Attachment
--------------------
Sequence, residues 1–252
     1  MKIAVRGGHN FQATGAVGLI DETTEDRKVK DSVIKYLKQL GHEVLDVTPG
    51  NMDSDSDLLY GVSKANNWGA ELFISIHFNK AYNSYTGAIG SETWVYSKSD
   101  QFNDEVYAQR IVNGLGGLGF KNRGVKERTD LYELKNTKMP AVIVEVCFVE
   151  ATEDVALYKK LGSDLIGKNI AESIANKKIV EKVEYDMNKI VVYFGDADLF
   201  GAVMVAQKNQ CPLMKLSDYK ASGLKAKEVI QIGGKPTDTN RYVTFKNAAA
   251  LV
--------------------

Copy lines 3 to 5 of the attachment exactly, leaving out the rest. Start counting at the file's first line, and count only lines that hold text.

    51  NMDSDSDLLY GVSKANNWGA ELFISIHFNK AYNSYTGAIG SETWVYSKSD
   101  QFNDEVYAQR IVNGLGGLGF KNRGVKERTD LYELKNTKMP AVIVEVCFVE
   151  ATEDVALYKK LGSDLIGKNI AESIANKKIV EKVEYDMNKI VVYFGDADLF